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LS blocks in particular LS3 and LSA have a significant problem with core shift. This gives them weak spots in the cylinder walls that can crack easily and big power stock engines boosted etc. are vulnerable, we have seen recently many blocks with cracked sleeves in the past 12 months. This can be fixed with aftermarket sleeving.

We can now with our new CNC machine install them at Oztrack. It involves boring a counterbore and using dry ice or liquid nitrogen to install the sleeves, then CNC boring and torque plate honing to suit the desired pistons.

How does core shift occur?

During the manufacturing process of an engine block, including LS3 blocks, the casting method is typically used. Here’s an overview of how core shift can occur during manufacturing:

  1. Mold preparation: A mold is created based on the design specifications of the engine block. The mold consists of multiple sections that form cavities representing the shape and dimensions of the block.
  2. Core placement: Cores are inserted into the mold to create the voids where the cylinders will be formed. Cores are typically made of sand or other materials that can be easily removed once the casting is complete.
  3. Molten metal pouring: The molten metal, usually aluminum or cast iron, is poured into the mold to fill the cavities and surround the cores. The metal will solidify and take the shape of the mold.
  4. Cooling and solidification: As the molten metal cools, it solidifies, forming the engine block. During this cooling process, the metal undergoes contraction and shrinks slightly.

Core shift can occur during the casting process due to a few reasons:


  • Core misalignment: If the cores are not precisely positioned within the mold, there can be misalignment issues. This misalignment can cause the cores to shift slightly during the pouring and solidification of the molten metal.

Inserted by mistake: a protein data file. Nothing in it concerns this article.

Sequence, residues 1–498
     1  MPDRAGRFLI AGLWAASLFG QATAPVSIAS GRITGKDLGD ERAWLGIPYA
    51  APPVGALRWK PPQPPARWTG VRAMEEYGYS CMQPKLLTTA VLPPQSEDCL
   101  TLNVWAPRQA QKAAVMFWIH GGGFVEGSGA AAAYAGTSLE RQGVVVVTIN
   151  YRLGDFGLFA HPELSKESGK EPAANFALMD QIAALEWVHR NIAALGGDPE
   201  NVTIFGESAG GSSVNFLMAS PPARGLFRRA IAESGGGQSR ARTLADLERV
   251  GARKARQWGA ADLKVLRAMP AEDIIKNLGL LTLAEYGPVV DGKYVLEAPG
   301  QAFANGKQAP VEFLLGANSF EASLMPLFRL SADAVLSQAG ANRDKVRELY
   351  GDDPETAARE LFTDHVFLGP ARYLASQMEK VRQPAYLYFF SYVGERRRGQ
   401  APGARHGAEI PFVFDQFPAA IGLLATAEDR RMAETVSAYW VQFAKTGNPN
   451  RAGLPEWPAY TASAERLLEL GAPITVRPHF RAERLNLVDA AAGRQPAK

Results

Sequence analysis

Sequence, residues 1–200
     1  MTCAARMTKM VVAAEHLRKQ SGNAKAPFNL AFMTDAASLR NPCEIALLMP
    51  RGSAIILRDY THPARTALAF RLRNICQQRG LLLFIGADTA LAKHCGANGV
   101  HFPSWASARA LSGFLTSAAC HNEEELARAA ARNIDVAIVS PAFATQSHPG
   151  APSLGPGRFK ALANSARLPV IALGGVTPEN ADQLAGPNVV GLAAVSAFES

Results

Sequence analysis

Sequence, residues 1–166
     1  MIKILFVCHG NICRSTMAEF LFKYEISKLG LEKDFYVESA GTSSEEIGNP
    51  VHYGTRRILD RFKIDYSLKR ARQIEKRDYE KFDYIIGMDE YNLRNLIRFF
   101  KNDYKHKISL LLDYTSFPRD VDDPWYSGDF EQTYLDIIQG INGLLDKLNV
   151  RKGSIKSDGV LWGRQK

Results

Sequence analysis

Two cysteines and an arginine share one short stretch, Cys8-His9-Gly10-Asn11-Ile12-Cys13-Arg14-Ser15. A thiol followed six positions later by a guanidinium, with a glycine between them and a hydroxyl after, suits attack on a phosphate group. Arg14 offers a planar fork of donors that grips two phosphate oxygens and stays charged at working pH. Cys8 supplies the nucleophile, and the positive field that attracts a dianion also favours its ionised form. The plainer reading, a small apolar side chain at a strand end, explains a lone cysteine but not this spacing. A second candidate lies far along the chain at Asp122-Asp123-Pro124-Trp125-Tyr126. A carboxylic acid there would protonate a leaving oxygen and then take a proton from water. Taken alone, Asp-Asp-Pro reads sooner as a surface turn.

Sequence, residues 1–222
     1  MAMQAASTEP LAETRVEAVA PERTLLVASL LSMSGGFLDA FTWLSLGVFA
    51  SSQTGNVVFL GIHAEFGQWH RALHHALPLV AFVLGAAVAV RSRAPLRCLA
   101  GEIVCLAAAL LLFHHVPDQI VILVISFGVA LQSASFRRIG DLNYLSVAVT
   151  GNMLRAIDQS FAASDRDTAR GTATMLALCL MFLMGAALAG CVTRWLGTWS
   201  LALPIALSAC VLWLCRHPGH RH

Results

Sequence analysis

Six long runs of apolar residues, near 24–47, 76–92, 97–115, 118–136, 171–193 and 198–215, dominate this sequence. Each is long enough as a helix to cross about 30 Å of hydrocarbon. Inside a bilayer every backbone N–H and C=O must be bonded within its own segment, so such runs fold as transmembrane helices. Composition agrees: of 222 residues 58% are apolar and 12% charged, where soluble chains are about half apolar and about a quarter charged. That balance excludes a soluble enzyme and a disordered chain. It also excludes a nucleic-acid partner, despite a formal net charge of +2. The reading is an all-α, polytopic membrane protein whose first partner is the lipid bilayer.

• Uneven cooling: As the molten metal cools and solidifies, it undergoes thermal contraction. If the cooling is uneven across the block or if there are temperature gradients within the casting, it can lead to uneven shrinkage and potentially cause the cores to shift.
  • Mold movement: During the pouring of the molten metal, the force and weight of the metal can cause the mold to shift or vibrate slightly. This movement can result in the displacement of the cores within the mold.

These factors can contribute to core shift, where the cylinder walls are not in their intended positions within the engine block. Core shift can lead to uneven cylinder wall thicknesses, compromised sealing, and potential issues with piston fitment, resulting in reduced engine performance and reliability.



How does the sleeve stay in the cylinder?

Cylinder sleeves are typically installed into the cylinder using an “interference fit” (sometimes referred to as “press fit”). This means the size of the block or cylinder bore is smaller than the outside diameter of the sleeve. The sleeve is “pressed” into the cylinder and the size variance holds the sleeve in place. Generally, the interference fit for the sleeve to a cast iron bore is .0025″. And for aluminum bore the interference fit is .004″.
The sleeves usually have a lip at the top that has a larger diamater than further down and when the CNC machine bores the clinders it needs to bore the larger size for the lip. This is called a counterbore.

Sleeves are made of a better grade of cast iron than the original sleeves , cast iron alloy of carbon-chrome and molybdenumor or ductile iron.

We install sleeves at Oztrack in Penrith, Sydney

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